With a new year Semper Fi Magazine takes a look under the armor of a new set of wheels destined for the U.S. Marine Corps and U.S. Army. Fast-tracked for development, the Joint Light Tactical Vehicle (JLTV) will eventually supersede the venerable Humvee for many uses where speed, agility and troop protection are of paramount concern.
With their missions in Iraq largely accomplished, the Marines are shifting focus to the very different battlefield of Afghanistan, whose mountainous trails and tracks are ill-suited to using the massive Mine Resistant Ambush Protected (MRAP) vehicles that saved so many lives in the deserts and cities of Iraq. Overall, the Corps is getting back to its seaborne roots and reshaping itself into a lean, fast, amphibious fighting force. Contributor Glenn Goodman writes that the JLTV suits these new requirements and its development has accelerated in recent months.
Also in this issue of Semper Fi, which we produce for members of the Marine Corps League, we sit down for an in-depth interview with Carlton W. Kent, the 16th Sergeant Major of the USMC. As the Corps’ top NCO, SgtMaj. Kent is constantly on the go visiting Marines around the world, seeing their needs firsthand and motivating them to continue to excel.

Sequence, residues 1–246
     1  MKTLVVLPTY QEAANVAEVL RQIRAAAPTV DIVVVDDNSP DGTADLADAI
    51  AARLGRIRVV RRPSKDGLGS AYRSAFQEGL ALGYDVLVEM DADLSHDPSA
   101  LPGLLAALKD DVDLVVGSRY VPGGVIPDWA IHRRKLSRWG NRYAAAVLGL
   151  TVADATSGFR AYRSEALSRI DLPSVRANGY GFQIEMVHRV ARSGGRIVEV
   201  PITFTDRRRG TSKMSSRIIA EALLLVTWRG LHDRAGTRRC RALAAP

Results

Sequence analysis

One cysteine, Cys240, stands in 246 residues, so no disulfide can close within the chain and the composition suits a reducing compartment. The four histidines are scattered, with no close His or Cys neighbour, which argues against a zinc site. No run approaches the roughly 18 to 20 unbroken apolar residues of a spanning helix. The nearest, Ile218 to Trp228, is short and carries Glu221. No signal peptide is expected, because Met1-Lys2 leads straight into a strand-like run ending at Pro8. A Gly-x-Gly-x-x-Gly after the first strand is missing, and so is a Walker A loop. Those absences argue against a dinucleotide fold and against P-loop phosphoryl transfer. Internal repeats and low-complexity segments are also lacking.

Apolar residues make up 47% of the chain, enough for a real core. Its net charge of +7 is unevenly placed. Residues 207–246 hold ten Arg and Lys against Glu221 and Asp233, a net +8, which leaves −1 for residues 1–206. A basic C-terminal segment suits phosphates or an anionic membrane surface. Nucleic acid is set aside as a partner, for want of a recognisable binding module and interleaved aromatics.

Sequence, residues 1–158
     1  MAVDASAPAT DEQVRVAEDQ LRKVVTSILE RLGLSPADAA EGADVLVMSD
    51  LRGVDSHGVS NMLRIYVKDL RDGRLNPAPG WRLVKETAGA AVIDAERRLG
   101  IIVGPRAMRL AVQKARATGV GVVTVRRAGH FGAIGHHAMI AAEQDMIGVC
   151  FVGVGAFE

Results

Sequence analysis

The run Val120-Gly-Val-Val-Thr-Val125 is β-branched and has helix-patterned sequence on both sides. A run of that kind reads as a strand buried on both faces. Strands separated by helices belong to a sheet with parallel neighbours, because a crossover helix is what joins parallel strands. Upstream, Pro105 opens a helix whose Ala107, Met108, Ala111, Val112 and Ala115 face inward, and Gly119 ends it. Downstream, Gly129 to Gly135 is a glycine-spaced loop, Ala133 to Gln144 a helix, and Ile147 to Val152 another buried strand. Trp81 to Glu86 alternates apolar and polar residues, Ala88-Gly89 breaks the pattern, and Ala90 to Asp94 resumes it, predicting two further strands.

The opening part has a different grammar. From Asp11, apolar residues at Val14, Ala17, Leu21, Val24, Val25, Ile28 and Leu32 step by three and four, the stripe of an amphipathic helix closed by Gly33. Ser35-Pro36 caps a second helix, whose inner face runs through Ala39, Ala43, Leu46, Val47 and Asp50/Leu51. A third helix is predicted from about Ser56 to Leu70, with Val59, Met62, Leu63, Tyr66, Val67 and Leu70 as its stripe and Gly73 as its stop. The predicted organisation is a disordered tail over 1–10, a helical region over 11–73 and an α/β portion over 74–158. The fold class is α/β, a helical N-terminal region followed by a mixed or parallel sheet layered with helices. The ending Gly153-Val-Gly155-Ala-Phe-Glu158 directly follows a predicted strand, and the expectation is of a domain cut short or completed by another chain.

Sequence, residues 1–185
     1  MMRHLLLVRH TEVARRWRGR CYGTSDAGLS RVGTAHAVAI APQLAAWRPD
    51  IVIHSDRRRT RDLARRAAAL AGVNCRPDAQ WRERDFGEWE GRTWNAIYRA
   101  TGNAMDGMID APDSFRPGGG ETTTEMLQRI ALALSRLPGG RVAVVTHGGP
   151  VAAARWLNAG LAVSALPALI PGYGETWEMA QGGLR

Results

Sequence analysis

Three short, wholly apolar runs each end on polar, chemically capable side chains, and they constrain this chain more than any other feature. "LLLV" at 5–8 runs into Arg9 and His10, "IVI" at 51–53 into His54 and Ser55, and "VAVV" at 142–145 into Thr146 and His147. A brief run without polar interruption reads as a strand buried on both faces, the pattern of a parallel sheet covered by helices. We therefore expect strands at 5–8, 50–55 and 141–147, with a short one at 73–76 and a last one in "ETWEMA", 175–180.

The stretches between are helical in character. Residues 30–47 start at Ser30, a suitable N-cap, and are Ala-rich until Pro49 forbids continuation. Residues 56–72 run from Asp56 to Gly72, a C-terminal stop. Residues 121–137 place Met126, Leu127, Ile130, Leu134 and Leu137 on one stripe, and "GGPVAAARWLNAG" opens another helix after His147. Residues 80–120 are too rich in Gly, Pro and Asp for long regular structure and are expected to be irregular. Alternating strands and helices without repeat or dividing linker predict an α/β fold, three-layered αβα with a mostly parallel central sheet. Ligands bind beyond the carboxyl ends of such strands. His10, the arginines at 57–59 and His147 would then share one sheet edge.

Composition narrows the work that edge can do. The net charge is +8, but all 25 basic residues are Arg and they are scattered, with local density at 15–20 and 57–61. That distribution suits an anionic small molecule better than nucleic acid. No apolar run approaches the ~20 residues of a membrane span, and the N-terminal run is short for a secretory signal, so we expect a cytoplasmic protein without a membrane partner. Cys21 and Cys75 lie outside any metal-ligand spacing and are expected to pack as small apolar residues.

One of the more somber consequences of better armor and protection for troops has been the steep rise in cases of traumatic brain injury (TBI) among troops shaken and slammed by explosive concussions. TBI and Post Traumatic Stress Disorder (PTSD) cases are soaring among returning and deployed troops, leading veterans groups and health officials to fear that we are only seeing the tip of the iceberg. An in-depth feature by contributor Emma Johnson looks at the scope of the problem, and what is being done to address it.
Mechanical Marines highlight our report on the League-sponsored Modern Day Marine Expo held in October aboard Marine Corps Base Quantico, VA. A far cry from R2-D2, these machines nevertheless advance bravely into hazardous territory to disable explosives, conduct surveillance and even to help rescue wounded Leathernecks. Their use will only increase, as will their capabilities and sophistication. Experts are already discussing esoteric upgrades such as how to program robots with a code of ethics, so, like flesh-and-blood troops, they can evaluate the legality and ethicalness of an order or a situation.